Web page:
Fri | Apr 12, 2024

It is your Christian duty ... go and vote!

Published:Sunday | February 25, 2024 | 12:08 AM
JLP and PNP supporters along Collie Smith Drive, St Anderw Southern, on Nomination Day, February 8.
JLP and PNP supporters along Collie Smith Drive, St Anderw Southern, on Nomination Day, February 8.

JLP or PNP? Andrew Holness or Mark Golding? Recently, a Nationwide News Network question of the day was – ‘Mark or Andrew’? I responded to say, “Both Mark and Andrew are biblical names of Jesus’s disciples. May we continue this exploration regarding Mark or Andrew in light of the Kingdom values of Jesus Christ.”

I believe that a Christian who is serious about service of country should be open to changing side, colour, party and so on. However, what we see are many who refuse to be guided by interest of country and forever wedded to faithfulness to party over faithfulness to country. There is also the place for a good conscience. Are you able to follow your conscience when deep within you are being led to change for wholesome reasons?

There are Christian principles to be considered around development and politics and such matters. The word ‘politics’ is not a ‘bad word’. Simply put, ‘political’ comes from the Latin ‘politicus’ referring to citizens, the state and matters civil and civic. In other words, politics is concerned with people, state, along with civil and civic concerns.

There was a time when the capacity to vote was determined by whether you were propertied or not propertied, male or female, free or enslaved. Even black or white! We have come a far way.

In Jamaica, the matter of politics and voting is inseparable from the daily realities of poverty and power dynamics. Different appeals to the poor are driven by different intentions and motives. But what are some things for us all to consider?

Professor of urban planning at the University of California at Los Angeles, John Friedman. observes that the social unit of the poor is the household which is impacted by state, political community, civil society, and corporate economy. Bryant Myers in Walking With The Poor, reflecting on Friedman, notes, “Friedman’s understanding of poverty brings a more sophisticated understanding of how poverty is related to a lack of access to social power, in contrast to simply a lack of things or lack of knowledge. It also inserts poor households into a social system that goes beyond the local setting. The role of government, the political system, civil society, and the economy, integrated into the global economy, is now part of the field of play. Poverty is understood as a state of disempowerment. In addition, Friedman has introduced a psychological dimension to poverty and power. These are helpful developments.”

Bryant then goes on to make a very important observation that many miss today; and lack appreciation for. Friedman’s excellent exploration of poverty lacks a development of the spiritual dimension.

In Jamaica, we do well to recall that some of our most revered social institutions have consistently moved the potential agents of change in the direction of endless meetings, procrastinations, lovely reports, malaise, and failure. We should hear Bryant again: “Without a doctrine of principalities and powers, it is unclear why good people cannot make social institutions do what they were set up to do. Furthermore, there is no means to account for the destructive behaviors and poor choices of both the poor and the non-poor, nor for the fact that the poor often exploit each other.”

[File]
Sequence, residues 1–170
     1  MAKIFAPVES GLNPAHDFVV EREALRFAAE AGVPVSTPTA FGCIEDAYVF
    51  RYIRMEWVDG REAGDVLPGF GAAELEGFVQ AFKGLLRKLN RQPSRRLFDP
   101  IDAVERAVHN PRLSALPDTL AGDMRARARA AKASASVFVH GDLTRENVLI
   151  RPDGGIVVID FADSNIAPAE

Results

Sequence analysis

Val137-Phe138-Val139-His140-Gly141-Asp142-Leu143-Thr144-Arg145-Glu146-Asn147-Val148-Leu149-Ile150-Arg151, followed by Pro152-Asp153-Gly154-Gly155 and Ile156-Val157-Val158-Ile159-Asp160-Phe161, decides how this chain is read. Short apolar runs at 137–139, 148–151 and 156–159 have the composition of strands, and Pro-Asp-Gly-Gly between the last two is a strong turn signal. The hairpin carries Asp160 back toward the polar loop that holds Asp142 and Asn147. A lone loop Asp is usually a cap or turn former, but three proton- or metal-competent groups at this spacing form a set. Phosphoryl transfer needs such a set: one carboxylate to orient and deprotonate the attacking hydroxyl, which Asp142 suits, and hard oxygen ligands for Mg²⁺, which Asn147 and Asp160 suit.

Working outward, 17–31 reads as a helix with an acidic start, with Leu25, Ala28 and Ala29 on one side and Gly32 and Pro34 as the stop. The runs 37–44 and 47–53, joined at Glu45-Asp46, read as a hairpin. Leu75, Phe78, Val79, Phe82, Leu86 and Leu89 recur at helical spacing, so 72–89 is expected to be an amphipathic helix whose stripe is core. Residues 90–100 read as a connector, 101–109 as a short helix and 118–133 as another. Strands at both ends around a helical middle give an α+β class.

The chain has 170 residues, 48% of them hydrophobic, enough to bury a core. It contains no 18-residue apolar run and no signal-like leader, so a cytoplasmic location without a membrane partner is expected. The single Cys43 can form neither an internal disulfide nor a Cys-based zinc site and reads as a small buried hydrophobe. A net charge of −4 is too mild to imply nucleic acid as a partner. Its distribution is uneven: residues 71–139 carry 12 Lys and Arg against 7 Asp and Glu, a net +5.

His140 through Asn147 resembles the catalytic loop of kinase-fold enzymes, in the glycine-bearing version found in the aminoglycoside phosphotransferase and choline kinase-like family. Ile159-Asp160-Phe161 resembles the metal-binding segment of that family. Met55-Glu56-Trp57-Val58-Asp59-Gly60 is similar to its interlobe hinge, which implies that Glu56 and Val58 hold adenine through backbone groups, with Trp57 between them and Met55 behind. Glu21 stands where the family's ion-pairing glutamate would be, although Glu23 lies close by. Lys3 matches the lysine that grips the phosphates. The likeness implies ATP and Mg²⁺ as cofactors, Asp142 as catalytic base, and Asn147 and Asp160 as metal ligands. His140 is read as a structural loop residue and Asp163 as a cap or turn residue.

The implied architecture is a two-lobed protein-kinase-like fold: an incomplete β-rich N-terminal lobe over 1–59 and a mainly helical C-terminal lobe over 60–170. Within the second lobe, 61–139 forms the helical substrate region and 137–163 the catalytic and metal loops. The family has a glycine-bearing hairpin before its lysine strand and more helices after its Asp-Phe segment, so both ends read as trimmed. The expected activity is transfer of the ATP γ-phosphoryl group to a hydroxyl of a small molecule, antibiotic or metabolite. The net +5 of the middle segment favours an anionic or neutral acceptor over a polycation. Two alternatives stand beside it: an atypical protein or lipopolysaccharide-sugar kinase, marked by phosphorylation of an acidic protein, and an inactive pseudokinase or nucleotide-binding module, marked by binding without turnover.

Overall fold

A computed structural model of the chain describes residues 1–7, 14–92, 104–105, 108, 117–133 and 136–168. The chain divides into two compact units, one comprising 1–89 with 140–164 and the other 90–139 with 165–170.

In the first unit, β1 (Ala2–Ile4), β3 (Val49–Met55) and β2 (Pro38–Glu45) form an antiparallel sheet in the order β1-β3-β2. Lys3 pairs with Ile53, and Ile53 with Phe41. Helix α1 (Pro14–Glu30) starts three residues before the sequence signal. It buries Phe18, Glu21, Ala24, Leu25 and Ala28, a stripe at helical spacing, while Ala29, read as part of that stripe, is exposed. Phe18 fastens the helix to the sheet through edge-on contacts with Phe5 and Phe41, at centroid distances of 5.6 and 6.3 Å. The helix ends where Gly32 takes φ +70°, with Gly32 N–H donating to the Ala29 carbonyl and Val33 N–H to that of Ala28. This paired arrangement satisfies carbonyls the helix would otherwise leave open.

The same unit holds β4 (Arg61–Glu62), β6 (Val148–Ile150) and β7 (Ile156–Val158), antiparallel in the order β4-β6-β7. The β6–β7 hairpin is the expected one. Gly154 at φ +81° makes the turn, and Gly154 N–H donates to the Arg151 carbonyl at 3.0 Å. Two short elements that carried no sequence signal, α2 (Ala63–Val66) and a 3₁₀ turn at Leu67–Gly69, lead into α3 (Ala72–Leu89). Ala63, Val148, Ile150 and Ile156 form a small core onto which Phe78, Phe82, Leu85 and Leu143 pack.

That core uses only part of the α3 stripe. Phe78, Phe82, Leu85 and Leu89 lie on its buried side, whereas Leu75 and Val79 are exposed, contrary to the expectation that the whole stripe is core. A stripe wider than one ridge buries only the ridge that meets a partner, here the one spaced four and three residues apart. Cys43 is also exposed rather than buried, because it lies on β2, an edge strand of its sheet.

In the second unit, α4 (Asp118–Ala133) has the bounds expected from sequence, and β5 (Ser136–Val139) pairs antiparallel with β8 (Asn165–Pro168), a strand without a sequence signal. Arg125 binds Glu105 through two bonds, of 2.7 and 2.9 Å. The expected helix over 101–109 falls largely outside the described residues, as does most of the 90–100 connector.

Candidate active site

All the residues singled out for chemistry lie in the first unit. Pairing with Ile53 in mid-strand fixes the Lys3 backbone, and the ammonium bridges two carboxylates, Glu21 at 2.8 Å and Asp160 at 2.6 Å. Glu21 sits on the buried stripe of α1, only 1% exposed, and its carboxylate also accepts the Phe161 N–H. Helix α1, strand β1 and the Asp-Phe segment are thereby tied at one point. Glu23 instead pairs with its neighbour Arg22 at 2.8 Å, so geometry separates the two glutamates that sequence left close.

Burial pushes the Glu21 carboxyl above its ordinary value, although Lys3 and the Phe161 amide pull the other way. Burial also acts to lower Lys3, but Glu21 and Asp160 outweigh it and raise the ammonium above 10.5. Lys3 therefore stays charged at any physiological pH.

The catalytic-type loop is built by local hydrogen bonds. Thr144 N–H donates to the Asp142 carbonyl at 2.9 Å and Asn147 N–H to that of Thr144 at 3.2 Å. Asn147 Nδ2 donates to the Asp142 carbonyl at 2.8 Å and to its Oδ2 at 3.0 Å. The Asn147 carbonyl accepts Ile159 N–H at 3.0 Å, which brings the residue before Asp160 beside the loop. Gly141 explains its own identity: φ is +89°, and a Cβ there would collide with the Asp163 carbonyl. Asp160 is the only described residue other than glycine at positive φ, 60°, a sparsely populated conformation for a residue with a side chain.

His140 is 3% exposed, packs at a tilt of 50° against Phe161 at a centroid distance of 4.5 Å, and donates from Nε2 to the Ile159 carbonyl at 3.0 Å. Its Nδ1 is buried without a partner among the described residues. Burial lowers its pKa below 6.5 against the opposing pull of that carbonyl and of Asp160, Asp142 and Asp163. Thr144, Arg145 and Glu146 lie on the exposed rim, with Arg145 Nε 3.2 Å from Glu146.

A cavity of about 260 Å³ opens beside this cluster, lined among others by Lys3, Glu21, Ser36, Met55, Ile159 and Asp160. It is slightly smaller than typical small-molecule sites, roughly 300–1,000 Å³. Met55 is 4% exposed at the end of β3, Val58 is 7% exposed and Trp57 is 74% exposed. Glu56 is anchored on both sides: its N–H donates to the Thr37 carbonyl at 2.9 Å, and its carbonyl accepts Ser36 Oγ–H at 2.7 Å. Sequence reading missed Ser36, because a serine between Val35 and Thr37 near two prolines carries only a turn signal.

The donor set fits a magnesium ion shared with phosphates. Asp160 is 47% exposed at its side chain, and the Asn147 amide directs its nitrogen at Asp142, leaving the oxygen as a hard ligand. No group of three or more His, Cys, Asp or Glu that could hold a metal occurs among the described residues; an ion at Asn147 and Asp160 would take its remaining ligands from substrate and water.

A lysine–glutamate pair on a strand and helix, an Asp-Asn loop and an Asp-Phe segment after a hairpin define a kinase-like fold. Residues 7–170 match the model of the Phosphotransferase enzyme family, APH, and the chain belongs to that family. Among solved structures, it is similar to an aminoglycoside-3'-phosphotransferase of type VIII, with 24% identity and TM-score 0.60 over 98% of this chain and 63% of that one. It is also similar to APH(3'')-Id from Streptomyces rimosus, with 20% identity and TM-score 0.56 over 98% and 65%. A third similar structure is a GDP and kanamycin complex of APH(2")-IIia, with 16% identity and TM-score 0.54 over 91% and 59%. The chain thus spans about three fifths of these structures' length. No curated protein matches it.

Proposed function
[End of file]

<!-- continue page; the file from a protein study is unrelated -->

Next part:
Principalities and powers are real. Many of the powers – political, religious, economic, criminal underworld etcetera, work together. A big vehicle is classism. The average citizen does not know this. There are social systemic connections which ensure that the poor remain dependent on the non-poor.

Bryant Myers cites Jayakumar Christian who recognises how the social system reinforces the powerlessness of the poor by exclusion and exploitation. “The non-poor understand themselves as superior, necessary, and anointed to rule. They succumb to the temptation to play god in the lives of the poor, using religious systems, mass media, the law, government policies, and people occupying positions of power. These people create the narratives, structures, and systems that justify and rationalise their privileged position. The result is that the poor become captive to the god-complexes of the non-poor.”

On another note, the recent tragic event, which saw a boy losing his life on the campaign trail, has seen many making a knee-jerk reaction as declarations are made that children should not be allowed on political campaign trails. Not many realise that we have a national problem of indiscipline. Rules and laws concerning driving and road use, are illegally suspended during periods of political campaign. All this while the law enforcers monitor the convoys. Adults cease to exercise discipline and sound judgment.

Adults also experience tragedy on campaign trails. Should they therefore be prevented from going on political campaigns? We need a more disciplined society.

In the meanwhile, who in your community has a history, past and present, to effectively develop, manage and maintain infrastructure and public facilities such as the parochial roads, water supplies, drains and gullies, parks, recreational centres, markets, abattoirs, cemeteries, transportation centres, public sanitary conveniences and public beaches?

And which representative in your community has a history, past and present, to effect balanced and sustainable development of the parish, and major towns in particular, and advance boosting economic activity and local wealth creation within the parish?

It is your Christian duty. Now, go and vote!

Fr Sean Major-Campbell is an Anglican priest and advocate for human dignity and human rights. Send feedback to or